Evangelical leaders continue to react an op-ed by Christianity Today's (CT) editor-in-chief calling for President Donald Trump to be removed from office.
Nearly 200 evangelical leaders have signed an open letter to Timothy Dalrymple, the president of Christianity Today, to defend their support of Donald Trump as president of the United States.
"We are ... grateful that our president has sought our advice as his administration has advanced policies that protect the unborn [and] promote religious freedom … while making our world safer, including through our support of the State of Israel," the letter states.
The full letter, which tells CT the op-ed "not only targeted our President; it also targeted those of us who support him and have supported you," can be read at Christian Post.
"When we go in and vote for president, what are we voting for? We hope a president will have a good bedside manner – but that's not the primary reason we vote for a president. The primary reason we vote for a president is to protect innocent people from evil. That's why we vote for a president or a government at all.
"In fact, Paul talks about this in Romans 13 – that the leader doesn't bear the sword for nothing. The reason we have a government is to protect innocent people from evil, as James Madison famously said, "If men were angels, no government would be necessary." We need some form of government to protect innocent people from getting hurt.
"In other words, we're voting for a president primarily for his policies, not his personality. But I think that Christians like Mark Galli think that if a guy doesn't have a personality that is 'Christian,' then we can't vote for him. I don't think that's true.
"I wish [President Trump] had a better personality; I wish his demeanor was better. But if I have to make a choice between demeanor and policy, I'm going to go with policy every time."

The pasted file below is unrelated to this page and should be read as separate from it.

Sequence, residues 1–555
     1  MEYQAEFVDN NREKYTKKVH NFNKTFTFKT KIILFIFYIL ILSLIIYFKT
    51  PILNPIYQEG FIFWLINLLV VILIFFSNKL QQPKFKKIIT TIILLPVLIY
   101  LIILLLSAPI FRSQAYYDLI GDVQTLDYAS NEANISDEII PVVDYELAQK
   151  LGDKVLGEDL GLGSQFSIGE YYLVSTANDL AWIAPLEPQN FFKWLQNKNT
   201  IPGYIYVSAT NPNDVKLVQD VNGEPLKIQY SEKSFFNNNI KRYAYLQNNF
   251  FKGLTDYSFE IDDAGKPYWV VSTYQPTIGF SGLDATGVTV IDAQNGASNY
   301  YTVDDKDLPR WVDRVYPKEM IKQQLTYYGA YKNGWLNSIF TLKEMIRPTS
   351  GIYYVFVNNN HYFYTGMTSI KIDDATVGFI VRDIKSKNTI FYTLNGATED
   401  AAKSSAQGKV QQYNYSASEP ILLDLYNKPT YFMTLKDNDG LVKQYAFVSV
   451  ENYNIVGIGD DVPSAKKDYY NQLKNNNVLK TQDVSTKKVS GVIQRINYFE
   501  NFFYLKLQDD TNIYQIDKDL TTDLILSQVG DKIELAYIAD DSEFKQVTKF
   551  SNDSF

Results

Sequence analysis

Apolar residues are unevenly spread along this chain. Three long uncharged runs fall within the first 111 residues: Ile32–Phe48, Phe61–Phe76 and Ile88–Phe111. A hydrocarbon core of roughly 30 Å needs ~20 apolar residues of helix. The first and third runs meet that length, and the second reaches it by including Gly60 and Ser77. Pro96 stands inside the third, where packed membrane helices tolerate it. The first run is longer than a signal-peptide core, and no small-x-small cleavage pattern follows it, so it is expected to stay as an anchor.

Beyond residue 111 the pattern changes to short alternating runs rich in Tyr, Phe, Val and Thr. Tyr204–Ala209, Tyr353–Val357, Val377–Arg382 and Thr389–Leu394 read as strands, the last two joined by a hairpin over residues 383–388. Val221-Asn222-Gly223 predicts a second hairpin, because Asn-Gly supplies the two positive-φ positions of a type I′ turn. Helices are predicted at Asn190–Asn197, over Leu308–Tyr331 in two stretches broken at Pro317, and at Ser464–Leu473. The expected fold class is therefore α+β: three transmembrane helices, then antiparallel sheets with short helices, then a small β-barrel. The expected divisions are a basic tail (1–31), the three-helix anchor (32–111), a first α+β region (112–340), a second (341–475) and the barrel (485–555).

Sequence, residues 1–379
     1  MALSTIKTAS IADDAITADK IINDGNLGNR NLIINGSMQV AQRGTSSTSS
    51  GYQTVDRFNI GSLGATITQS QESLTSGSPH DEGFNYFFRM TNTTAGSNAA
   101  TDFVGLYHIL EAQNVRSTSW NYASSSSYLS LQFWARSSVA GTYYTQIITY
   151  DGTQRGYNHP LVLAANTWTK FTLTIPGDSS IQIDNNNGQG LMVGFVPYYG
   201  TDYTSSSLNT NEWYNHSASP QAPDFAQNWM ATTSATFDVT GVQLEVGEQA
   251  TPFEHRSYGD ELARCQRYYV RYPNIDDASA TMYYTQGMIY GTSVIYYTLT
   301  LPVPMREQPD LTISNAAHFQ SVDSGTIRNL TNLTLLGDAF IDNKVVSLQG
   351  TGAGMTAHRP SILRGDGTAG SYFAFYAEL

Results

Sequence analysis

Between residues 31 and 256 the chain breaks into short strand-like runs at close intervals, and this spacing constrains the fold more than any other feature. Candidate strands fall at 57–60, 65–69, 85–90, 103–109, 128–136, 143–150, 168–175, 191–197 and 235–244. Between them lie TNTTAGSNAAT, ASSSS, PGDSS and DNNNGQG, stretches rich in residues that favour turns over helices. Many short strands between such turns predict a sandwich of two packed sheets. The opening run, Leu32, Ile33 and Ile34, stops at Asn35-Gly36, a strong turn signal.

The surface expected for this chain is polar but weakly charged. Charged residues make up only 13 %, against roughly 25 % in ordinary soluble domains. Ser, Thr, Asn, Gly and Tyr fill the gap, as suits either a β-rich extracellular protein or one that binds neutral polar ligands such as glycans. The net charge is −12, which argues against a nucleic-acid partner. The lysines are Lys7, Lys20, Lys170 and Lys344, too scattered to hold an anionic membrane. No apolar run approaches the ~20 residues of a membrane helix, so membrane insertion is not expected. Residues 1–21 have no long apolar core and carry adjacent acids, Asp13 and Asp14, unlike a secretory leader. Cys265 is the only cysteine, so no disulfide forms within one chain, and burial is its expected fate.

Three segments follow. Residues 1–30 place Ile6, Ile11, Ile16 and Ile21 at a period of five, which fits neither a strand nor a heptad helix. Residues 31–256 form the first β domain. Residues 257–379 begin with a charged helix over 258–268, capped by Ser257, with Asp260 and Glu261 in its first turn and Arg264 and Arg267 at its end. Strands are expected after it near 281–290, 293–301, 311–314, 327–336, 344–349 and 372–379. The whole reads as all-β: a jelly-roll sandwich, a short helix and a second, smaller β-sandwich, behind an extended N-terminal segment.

Dr. Frank Turek, president
(on American Family Radio)
Bishop Harry Jackson of the High Impact Leadership Coalition, which exists to protect the moral compass of America and be an agent of healing to our nation through education and empowerment, says Trump critics are stuck in the weeds.
"These things seem to be overlooked for what I'm going to call a politically correct approach to public engagement," he submits.
Taking a line almost verbatim from the Democrat articles of impeachment, CT editor-in-chief Mark Galli's editorial reads, "President Trump has abused his authority for personal gain and betrayed his constitutional oath."
"I've seen a pattern of high-sounding rhetoric coming from some well-meaning white evangelicals. They're Christian pundits, but without a commitment to actually practicing the truths they espouse," Jackson responds.
He argues that what support Trump may be losing among white evangelical "never-Trumpers," the president is more than making up for with inroads into the African-American and Hispanic evangelical communities.
"I believe the election is going to be won this year by minorities, and I mean blacks, Hispanics, and Asians who shift towards Trump in swing states to a five- to seven-percent increase," Jackson concludes.
Trump's first rally in 2020
In the wake of that editorial calling for his removal from office, the president will be looking to shore up his support among Hispanics as well as evangelicals at his first rally of the new year.
The rally on Friday evening will take place at King Jesus International Ministry in the Miami area – one of the largest Hispanic churches in the country. That venue will enable the president to touch base with two constituencies at once. Trump spiritual advisor Dr. Robert Jeffress (pictured above with the president) spoke with OneNewsNow about the rally.
"[The rally] will show not only the support of evangelical Christians, but Hispanics for President Trump as well," he points out.
The president, says Jeffress, is pushing back against the op-ed in Christianity Today that questioned the president's character – specifically his use of his Twitter account – and called for his removal from office.
"I think it's significant that the president's first rally of the new year, an election year, is going to be about his evangelical support," he notes, "and I think that demonstrates how critical that support is for the president's reelection in 2020."
The Southern Baptist pastor says polling indicates evangelical support for the president is holding steady – as is his opposition from evangelical "never-Trumpers."
"From the very beginning there has been a small, but noisy group of evangelicals opposed to this president," Jeffress explains. "They don't like him because of his tweets or his temperament or some other ridiculous reason."
Jeffress expects that level of opposition among evangelicals – which has remained at about 19 percent – is going to continue through 2020.
Editor's note: Comments from Robert Jeffress and Frank Turek added after story was originally posted.